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Study: Truvada drug helps prevent AIDS

Medical tests conducted on the Truvada drug, which is used to treat AIDS, has shown that the drug's effectiveness reached 86 percent, according to results announced during the 22nd annual Conference on Retroviruses and Opportunistic Infections (CROI) held recently in Seattle, Washington.   
A study led by French Professor Jean Michel Pawlotsky, professor of medicine at the University of Paris-Est, showed that the Truvada pills could prevent the AIDS infection if taken daily.
The study was conducted on 400 uninfected gay men in 2012. The men took two pills, two to 24 hours before sex, and a third pill 24 hours later. The fourth pill was taken 48 hours after the first.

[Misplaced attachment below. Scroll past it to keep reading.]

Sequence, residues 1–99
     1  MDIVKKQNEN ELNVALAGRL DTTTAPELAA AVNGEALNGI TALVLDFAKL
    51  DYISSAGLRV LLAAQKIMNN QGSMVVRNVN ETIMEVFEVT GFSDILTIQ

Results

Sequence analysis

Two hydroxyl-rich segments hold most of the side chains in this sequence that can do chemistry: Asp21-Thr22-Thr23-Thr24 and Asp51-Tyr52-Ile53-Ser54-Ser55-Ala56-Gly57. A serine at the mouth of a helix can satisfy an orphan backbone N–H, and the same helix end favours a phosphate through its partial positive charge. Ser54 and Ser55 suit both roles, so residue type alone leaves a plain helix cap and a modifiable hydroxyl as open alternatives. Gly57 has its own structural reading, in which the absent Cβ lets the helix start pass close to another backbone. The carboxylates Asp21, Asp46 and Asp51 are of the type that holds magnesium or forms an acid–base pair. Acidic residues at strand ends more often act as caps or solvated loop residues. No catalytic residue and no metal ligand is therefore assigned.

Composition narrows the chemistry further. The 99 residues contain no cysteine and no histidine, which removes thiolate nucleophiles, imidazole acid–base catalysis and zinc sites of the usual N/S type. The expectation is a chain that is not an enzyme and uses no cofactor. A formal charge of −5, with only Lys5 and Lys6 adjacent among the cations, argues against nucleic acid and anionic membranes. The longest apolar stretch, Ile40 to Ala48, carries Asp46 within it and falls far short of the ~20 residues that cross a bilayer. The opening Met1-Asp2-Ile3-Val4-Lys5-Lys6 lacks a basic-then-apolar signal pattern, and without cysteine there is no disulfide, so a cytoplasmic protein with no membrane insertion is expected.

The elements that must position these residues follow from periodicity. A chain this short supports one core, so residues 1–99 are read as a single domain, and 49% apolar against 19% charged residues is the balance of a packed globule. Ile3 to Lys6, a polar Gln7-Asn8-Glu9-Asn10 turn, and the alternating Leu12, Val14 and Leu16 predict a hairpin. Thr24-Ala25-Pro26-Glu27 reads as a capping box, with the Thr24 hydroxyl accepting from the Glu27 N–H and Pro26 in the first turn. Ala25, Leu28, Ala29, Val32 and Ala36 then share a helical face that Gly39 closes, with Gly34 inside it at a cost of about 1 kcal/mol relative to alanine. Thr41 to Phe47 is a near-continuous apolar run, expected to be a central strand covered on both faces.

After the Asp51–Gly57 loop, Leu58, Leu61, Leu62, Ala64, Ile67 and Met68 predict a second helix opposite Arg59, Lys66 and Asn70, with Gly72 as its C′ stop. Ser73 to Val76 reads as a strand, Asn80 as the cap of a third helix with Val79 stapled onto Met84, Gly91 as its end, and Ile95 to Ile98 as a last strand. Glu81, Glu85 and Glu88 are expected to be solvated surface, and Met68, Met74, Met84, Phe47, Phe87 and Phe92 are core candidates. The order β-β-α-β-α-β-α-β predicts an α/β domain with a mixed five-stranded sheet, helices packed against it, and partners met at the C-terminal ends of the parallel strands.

Participants were approximately 35 years old and had sex an average of 10 times a month.
After 13 months, 16 cases of HIV infection were recorded among participants. Fourteen cases were recorded among participants who took an alternative drug, and only two cases were reported in the Truvada drug group.
The drug is produced by the American biopharmaceutical company, Gilead Science.
Edited translation from MENA

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